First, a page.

Gov. Inslee buys 3-year supply of abortion pills in case of ban

The Washington governor announced Tuesday that he plans to stockpile 30,000 courses to hedge against a possible federal ban.

A picture of Gov. Jay Inslee in his office at the Capitol in Olympia.

Gov. Jay Inslee is interviewed at the Washington State Capitol on Thursday, Jan. 5, 2023. (Amanda Snyder/Crosscut)

Washington state has purchased 30,000 doses of the abortion medication known as mifepristone, as state officials brace themselves for a Texas court ruling that could further limit abortion nationwide, Gov. Jay Inslee announced Tuesday.

The purchase amounts to a three-year supply, according to Inslee’s office, as Washington’s elected officials await a Texas judge’s ruling that could ban mifepristone. The drug is one of two that can be taken together for a medication abortion.

In a news conference, where he was joined by Attorney General Bob Ferguson and several Democratic state lawmakers, Inslee described the measure as a way to stop anti-abortion advocates from around the nation from taking away rights in Washington.

"We have to recognize that there are forces abroad in legislatures, in courts across the United States, to try to take this right away from the women of the state of Washington," Inslee said. "And that will not stand."

Washington acquired the doses for $1.27 million through the state Department of Corrections, which has a pharmacy license, according to Inslee. The shipment of mifepristone was delivered this past Friday.

The University of Washington has purchased 10,000 doses in addition to those purchased by the Department of Corrections, Inslee said. Officials estimate they have a four-year supply, based on current estimates.

Along with the supply of mifepristone, lawmakers are introducing a bill in the Legislature to authorize state officials to distribute the medication to providers and health care facilities. Once that bill becomes law, the medication should be able to be distributed at public and private clinics, Inslee said.

Sen. Karen Keiser, D-Des Moines, who is sponsoring Senate Bill 5768, pointed to Washington voters' approval of abortion at the ballot box as a signal that reproductive care should be available in Washington.

"How these federal judges get to the point where they can rule for the whole nation is beyond me," Keiser said at the news conference. "But we can take creative solutions to deal with this kind of judicial activism."

Even if mifepristone was barred from the market, Washington’s abortion providers would still have other options to administer abortions. That is because abortions can still be administered with just the other of the two medications, misoprostol, which isn’t regulated as tightly by the government.

Tuesday’s announcement comes as Washington becomes a hub for reproductive rights after the newly conservative-leaning U.S. Supreme Court overturned federal abortion protections granted in the 1973 decision known as Roe v. Wade.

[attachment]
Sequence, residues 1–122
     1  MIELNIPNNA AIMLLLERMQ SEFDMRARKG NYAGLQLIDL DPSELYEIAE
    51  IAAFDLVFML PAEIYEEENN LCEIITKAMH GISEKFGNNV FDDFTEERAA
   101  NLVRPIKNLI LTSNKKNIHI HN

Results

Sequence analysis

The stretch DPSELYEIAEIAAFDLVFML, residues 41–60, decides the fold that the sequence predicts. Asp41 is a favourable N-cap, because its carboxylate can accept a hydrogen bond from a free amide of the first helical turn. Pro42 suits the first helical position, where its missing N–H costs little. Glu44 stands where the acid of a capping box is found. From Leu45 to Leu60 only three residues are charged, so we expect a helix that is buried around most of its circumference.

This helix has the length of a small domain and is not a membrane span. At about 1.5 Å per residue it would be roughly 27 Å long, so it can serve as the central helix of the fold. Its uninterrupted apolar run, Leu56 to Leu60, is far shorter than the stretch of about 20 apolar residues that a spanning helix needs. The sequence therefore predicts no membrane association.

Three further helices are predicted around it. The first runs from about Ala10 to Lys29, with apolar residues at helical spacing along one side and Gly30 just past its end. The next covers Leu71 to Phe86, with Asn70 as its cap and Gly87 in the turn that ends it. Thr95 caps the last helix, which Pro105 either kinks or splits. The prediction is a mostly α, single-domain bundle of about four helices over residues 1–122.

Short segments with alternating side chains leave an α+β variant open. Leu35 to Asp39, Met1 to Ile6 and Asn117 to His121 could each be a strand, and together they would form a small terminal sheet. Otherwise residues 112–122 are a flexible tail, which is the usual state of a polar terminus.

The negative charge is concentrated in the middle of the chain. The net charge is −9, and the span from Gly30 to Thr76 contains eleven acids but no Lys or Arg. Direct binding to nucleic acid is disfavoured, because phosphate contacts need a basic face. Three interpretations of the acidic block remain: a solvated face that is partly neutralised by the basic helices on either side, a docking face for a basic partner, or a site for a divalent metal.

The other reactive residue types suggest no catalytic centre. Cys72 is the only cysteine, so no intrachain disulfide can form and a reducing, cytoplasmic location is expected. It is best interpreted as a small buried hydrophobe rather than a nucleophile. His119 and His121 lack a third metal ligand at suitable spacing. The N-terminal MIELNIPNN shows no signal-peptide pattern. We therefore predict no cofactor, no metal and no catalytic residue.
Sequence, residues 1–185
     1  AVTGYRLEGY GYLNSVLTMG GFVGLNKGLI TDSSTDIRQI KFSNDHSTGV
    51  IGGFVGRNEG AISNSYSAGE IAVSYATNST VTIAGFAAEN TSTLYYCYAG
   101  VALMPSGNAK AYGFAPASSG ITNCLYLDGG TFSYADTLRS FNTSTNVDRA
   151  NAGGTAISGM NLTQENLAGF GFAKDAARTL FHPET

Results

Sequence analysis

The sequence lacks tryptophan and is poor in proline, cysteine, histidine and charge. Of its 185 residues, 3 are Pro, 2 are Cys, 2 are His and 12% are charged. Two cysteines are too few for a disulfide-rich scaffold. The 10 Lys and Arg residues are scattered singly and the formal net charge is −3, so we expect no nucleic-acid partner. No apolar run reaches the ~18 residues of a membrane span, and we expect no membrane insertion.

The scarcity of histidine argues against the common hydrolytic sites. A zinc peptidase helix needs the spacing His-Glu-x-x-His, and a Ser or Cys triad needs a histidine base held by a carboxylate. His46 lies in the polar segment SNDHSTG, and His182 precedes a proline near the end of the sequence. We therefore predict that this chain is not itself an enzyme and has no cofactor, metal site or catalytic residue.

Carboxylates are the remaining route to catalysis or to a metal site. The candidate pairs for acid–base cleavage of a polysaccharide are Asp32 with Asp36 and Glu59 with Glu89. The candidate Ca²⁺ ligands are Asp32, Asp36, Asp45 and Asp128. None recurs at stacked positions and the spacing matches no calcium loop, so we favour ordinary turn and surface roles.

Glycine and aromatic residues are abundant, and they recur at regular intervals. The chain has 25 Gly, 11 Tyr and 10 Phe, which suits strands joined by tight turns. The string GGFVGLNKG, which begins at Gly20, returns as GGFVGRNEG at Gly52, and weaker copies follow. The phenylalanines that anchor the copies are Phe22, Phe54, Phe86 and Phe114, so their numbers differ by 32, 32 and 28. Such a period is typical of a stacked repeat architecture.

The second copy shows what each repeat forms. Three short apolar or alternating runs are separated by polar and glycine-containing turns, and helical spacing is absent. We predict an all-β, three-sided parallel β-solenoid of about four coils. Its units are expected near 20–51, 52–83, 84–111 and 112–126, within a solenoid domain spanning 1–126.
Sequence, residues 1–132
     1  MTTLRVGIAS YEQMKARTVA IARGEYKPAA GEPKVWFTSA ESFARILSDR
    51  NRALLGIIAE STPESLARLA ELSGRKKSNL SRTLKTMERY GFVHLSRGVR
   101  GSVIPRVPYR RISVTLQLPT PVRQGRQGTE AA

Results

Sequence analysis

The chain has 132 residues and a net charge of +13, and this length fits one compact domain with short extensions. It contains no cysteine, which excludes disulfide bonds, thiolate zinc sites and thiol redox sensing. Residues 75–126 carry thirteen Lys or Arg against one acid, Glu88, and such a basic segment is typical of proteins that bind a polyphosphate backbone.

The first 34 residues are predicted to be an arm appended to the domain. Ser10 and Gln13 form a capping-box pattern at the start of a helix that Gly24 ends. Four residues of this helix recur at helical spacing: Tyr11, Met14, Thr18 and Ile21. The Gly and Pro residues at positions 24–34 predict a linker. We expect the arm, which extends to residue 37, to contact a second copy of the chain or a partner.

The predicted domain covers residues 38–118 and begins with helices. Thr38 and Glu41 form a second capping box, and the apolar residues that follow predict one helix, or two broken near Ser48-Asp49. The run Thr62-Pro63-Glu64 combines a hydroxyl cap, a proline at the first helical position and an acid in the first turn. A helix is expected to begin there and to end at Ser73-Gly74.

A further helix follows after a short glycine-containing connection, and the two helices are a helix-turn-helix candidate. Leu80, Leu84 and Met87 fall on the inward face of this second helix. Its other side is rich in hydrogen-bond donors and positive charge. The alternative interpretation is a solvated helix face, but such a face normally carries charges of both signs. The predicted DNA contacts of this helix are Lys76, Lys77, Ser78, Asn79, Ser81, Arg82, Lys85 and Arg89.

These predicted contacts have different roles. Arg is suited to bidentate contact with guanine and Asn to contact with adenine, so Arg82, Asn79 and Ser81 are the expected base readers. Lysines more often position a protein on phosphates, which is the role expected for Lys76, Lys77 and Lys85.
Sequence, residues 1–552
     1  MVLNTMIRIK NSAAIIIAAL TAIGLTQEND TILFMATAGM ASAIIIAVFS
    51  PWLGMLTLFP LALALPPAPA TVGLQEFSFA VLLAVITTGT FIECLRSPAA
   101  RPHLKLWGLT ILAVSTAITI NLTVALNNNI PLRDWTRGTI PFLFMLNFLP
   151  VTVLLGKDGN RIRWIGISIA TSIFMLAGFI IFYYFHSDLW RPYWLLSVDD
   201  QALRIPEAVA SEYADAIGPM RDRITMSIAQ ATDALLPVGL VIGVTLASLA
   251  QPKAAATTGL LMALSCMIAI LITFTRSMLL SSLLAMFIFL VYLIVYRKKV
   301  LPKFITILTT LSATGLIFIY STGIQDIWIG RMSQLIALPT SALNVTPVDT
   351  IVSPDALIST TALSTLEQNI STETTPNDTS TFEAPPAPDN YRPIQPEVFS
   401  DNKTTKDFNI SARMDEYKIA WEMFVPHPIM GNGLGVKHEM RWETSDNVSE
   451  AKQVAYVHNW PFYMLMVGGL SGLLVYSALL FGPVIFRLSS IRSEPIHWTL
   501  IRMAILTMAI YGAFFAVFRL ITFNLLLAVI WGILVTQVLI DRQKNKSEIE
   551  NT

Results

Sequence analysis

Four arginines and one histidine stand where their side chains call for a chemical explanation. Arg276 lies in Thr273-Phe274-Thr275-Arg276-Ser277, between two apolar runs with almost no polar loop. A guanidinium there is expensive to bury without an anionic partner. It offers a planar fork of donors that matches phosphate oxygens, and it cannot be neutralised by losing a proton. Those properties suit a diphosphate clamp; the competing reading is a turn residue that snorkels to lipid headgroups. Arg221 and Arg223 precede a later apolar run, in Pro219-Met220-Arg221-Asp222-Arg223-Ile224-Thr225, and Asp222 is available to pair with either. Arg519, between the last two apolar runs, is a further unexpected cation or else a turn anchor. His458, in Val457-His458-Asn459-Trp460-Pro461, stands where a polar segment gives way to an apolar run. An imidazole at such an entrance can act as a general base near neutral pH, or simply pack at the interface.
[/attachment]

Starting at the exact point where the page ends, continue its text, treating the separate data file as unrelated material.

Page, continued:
Since last year’s decision in Dobbs v. Jackson Women’s Health reversing abortion protections, a slew of abortion bans or limitations have taken effect in states around the nation.

In response to the pending case in Texas, Attorney General Bob Ferguson filed a lawsuit in the U.S. District Court in Eastern Washington against President Joe Biden's administration that challenges the current regulatory regime around mifepristone. Among other things, the lawsuit contends that the U.S. Food and Drug Administration has continued with burdensome and unnecessary regulations.

In the news conference, Ferguson described his lawsuit as a way to expand access for mifepristone across the country. He described it as: "sort of opposite of what's going on in Texas."

"It's been my feeling since the Dobbs decision came out that anti-abortion activists will not be satisfied with that decision," Ferguson said at the news conference. "They will stop at nothing until they remove every last vestige of reproductive freedom for Americans across the country."

Abortion providers in Washington have seen an increase in out-of-state patients, including from Idaho and Texas. Democratic lawmakers in the current 105-day legislative session are working on other bills to make sure they can access reproductive health services.

"We know in Washington that health care decisions should be made by a patient and their provider, not a judge in Texas," said Rep. Jessica Bateman, D-Olympia, at the news conference.

Also on Tuesday, Inslee sent Idaho Gov. Brad Little a letter urging him to veto House Bill 242, a measure that has passed that state's Legislature. 

That legislation makes it a crime for adults to aid a minor accessing abortion services across state lines, if there's intent to shield the purpose of that aid from parents or legal guardians, according to news reports.

"We believe there is a constitutional right to travel for Americans across state lines," Inslee said in the news conference, adding: "We think it is a gross abuse of this right to travel."

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